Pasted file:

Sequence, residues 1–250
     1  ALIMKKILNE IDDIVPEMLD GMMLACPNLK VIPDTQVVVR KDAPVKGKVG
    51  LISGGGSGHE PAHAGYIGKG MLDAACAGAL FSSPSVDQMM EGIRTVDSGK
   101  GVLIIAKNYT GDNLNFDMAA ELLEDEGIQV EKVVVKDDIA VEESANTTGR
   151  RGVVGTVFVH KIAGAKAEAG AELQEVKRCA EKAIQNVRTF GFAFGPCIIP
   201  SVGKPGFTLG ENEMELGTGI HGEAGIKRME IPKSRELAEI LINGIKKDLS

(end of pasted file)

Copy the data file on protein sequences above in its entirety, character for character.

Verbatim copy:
Sequence, residues 1–250
     1  ALIMKKILNE IDDIVPEMLD GMMLACPNLK VIPDTQVVVR KDAPVKGKVG
    51  LISGGGSGHE PAHAGYIGKG MLDAACAGAL FSSPSVDQMM EGIRTVDSGK
   101  GVLIIAKNYT GDNLNFDMAA ELLEDEGIQV EKVVVKDDIA VEESANTTGR
   151  RGVVGTVFVH KIAGAKAEAG AELQEVKRCA EKAIQNVRTF GFAFGPCIIP
   201  SVGKPGFTLG ENEMELGTGI HGEAGIKRME IPKSRELAEI LINGIKKDLS